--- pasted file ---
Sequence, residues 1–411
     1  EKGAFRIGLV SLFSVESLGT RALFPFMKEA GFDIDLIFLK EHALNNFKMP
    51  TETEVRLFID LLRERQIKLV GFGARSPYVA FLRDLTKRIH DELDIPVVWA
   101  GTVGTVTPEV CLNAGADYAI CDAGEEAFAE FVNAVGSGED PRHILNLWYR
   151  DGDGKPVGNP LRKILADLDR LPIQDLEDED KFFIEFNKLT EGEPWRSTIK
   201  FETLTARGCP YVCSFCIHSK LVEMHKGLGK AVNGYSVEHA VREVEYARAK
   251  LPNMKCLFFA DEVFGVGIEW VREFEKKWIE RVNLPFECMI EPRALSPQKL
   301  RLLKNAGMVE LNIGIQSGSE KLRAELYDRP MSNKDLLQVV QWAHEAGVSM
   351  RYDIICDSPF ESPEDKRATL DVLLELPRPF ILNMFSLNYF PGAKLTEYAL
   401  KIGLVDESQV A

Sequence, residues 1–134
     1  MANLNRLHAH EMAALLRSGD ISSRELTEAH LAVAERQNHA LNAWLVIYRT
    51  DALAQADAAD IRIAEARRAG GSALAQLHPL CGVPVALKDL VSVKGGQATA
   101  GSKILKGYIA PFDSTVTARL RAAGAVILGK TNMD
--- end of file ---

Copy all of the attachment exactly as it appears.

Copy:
Sequence, residues 1–411
     1  EKGAFRIGLV SLFSVESLGT RALFPFMKEA GFDIDLIFLK EHALNNFKMP
    51  TETEVRLFID LLRERQIKLV GFGARSPYVA FLRDLTKRIH DELDIPVVWA
   101  GTVGTVTPEV CLNAGADYAI CDAGEEAFAE FVNAVGSGED PRHILNLWYR
   151  DGDGKPVGNP LRKILADLDR LPIQDLEDED KFFIEFNKLT EGEPWRSTIK
   201  FETLTARGCP YVCSFCIHSK LVEMHKGLGK AVNGYSVEHA VREVEYARAK
   251  LPNMKCLFFA DEVFGVGIEW VREFEKKWIE RVNLPFECMI EPRALSPQKL
   301  RLLKNAGMVE LNIGIQSGSE KLRAELYDRP MSNKDLLQVV QWAHEAGVSM
   351  RYDIICDSPF ESPEDKRATL DVLLELPRPF ILNMFSLNYF PGAKLTEYAL
   401  KIGLVDESQV A

Sequence, residues 1–134
     1  MANLNRLHAH EMAALLRSGD ISSRELTEAH LAVAERQNHA LNAWLVIYRT
    51  DALAQADAAD IRIAEARRAG GSALAQLHPL CGVPVALKDL VSVKGGQATA
   101  GSKILKGYIA PFDSTVTARL RAAGAVILGK TNMD